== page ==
By Brian Ives
Vince Gill will be touring through the end of the year in support of his latest album, Down to My Last Bad Habit, an album that runs the gamut from blues (“Make You Feel Real Good”) to adult contemporary (“I Can’t Do This”) and, of course, country (notably on “Sad One Comin’ On (A Song for George Jones)”).
He’ll perform at the Palace Theatre in Greensburg on September 16. Tickets are on sale now. Click here to buy tickets.
Gill has stretched all over the artistic map over the course of his career, but he’s glad to still be regarded as a country artist.
“I owe country music the majority of my success,” Gill tells Radio.com. “I still want to be known as a country music singer, but the genre has changed over and over and over. The perception of what country music is, and the reality of it, are two different things. Everyone has the eras that they like, and are inspired by, I certainly do. I enjoyed the era that I liked the most even more than [I liked] the era of my success. There were a lot of neat records made in my era, but the ones that really shaped what I love and what I want to do are more from my past.”
And who are the artists that shaped him? “I love Ray Price and Buck Owens, west coast stuff. Merle Haggard was always my absolute favorite artist of all time, and always will be. There’s still a lot of young people who are inspired by that generation. It’s less and less [than it used to be]. A young kid today that’s a 25 year old artist [knows] maybe 15 years of history. You look back to the year 2000, and that’s been his experience, it’s what he learned [from].” But he’s not a “Get off my lawn!” guy. He reasons, “Everyone does what they love and [country music] changes and it evolves, it’s all good to me.”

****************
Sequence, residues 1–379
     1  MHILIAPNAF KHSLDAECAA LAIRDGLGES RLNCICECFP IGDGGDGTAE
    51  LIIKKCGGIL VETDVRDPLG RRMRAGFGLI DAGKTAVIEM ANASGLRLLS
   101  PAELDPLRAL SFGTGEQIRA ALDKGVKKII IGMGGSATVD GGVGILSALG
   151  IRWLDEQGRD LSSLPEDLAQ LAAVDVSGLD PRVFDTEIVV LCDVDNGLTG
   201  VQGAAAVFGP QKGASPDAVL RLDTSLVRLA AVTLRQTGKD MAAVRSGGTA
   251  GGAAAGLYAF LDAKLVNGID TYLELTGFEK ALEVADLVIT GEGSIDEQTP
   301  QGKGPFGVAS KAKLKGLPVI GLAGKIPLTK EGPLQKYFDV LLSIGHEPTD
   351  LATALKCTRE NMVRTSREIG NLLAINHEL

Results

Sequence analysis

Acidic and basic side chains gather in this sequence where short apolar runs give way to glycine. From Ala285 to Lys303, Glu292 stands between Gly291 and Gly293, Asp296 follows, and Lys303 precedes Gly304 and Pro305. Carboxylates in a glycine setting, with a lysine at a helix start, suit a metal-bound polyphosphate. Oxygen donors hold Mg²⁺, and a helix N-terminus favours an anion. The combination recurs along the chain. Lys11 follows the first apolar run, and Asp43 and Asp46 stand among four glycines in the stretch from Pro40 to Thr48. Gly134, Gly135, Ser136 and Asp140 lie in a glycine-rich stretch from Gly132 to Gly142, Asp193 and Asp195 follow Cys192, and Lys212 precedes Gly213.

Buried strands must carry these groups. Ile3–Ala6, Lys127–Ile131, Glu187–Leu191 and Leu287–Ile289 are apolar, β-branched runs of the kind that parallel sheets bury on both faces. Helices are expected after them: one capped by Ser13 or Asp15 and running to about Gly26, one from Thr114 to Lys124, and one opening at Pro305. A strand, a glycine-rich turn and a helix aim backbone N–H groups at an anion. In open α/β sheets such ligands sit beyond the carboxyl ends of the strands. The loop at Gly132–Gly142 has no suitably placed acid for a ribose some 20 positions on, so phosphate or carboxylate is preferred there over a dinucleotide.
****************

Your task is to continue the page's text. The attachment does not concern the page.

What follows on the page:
Gill has also evolved over the years: “I’ve always been a musician first. I started out playing bluegrass music in my teenage years, and then I was in a country-rock band, Pure Prairie League, for a while. I went from bluegrass to fronting a rock band. Then I became a sideman for great [country] artists like Rodney Crowell and Roseanne Cash, being their guitar player and harmony singer. Then I got a record deal and I wanted to be a country singer like Merle Haggard. I’ve done a little bit of everything.”
In his early years, he also turned down a pretty sweet offer from a arena packing rock band: “I think there’s been a few times in my life where I probably made a decision or two that I look back on and say [to myself], ‘Why on earth did you do that?’ I’d been a solo artist, I started in about ’83, and made my first record then [Turn Me Loose was released in 1984]. I spent about seven years struggling, I couldn’t get radio to play my records, I couldn’t get a hit.”
Related: Play “Six Degrees of Vince Gill”
“And about six or seven years into that stretch, I got an offer from Mark Knopfler to come join the Dire Straits. It would have solved all of my financial problems. I was struggling to pay the house note, and keep food on the table. It was a tough stretch. This would have solved all that. But then I said to myself, ‘Well, if you do that, that’s kinda like admitting failure. You’re gonna bail on what you tried to do for a good long time.’ And I said to myself, ‘If you don’t believe in you, who’s gonna?’ So I turned down the sure thing. Lo and behold, [my] next record was a carer record, [1989’s] When I Call Your Name, and on a dime, things flipped and just went the other way. It was amazing.
He admits that he sometimes thinks about what could have been: “Deep down, I wish I could have done that [joined Dire Straits]. I regret not getting to do that. But I made the decision that I thought was the right one for me, and got lucky.”
Of course, his solo career has done quite well. You can catch him on the road for the rest of the year. Check out his tour dates at his official website.